BREAKING: Trump Budget Numbers Make No Sense

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Jon Chait says the Trump White House has made a $2 trillion mistake:

Trump has promised to enact “the biggest tax cut in history.” Trump’s administration has insisted, however, that the largest tax cut in history will not reduce revenue, because it will unleash growth….But then the budget assumes $2 trillion in higher revenue from growth in order to achieve balance after ten years. So the $2 trillion from higher growth is a double-count. It pays for the Trump cuts, and then it pays again for balancing the budget.

It’s true that the budget summary document includes a line item called “Effect of economic feedback” (in Table S-2) that comes to $2.062 trillion over ten years. Is that the same as the economic feedback that will pay for tax cuts? Who knows, really. It’s all just made-up nonsense anyway. But here’s an interesting thing. In the detailed projections, the Trump budget projects lower tax revenue than the final Obama budget:

What’s up with that? Does the Trump budget not include any economic feedback after all? But even if it doesn’t, why is their projection lower than Obama’s? Is it so they can use this lower number as a new baseline for comparison when they unveil their growth-exploding tax plan later in the year?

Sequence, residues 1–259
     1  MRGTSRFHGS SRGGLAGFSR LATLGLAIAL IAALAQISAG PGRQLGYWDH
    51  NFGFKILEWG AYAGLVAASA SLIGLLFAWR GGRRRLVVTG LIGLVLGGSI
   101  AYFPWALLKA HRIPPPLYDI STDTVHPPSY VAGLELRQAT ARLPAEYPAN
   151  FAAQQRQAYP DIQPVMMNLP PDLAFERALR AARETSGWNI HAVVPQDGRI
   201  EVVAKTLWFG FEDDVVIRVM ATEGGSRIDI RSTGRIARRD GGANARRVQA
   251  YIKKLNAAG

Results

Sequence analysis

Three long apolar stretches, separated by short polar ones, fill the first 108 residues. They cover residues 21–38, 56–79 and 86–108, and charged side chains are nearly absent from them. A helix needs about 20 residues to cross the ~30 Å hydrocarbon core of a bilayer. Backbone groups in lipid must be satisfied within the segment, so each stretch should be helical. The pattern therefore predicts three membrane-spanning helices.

I know, I know: who cares? The Trump numbers are just random gibberish plucked from the sky. Still, you’d think they could at least make them agree from one spreadsheet to the next. Where’s the economic feedback in the tax revenue numbers?

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THE BIG PICTURE

You expect the big picture, and it's our job at Mother Jones to give it to you. And right now, so many of the troubles we face are the making not of a virus, but of the quest for profit, political or economic (and not just from the man in the White House who could have offered leadership and comfort but instead gave us bleach).

In "News Is Just Like Waste Management," we unpack what the coronavirus crisis has meant for journalism, including Mother Jones’, and how we can rise to the challenge. If you're able to, this is a critical moment to support our nonprofit journalism with a donation: We've scoured our budget and made the cuts we can without impairing our mission, and we hope to raise $400,000 from our community of online readers to help keep our big reporting projects going because this extraordinary pandemic-plus-election year is no time to pull back.

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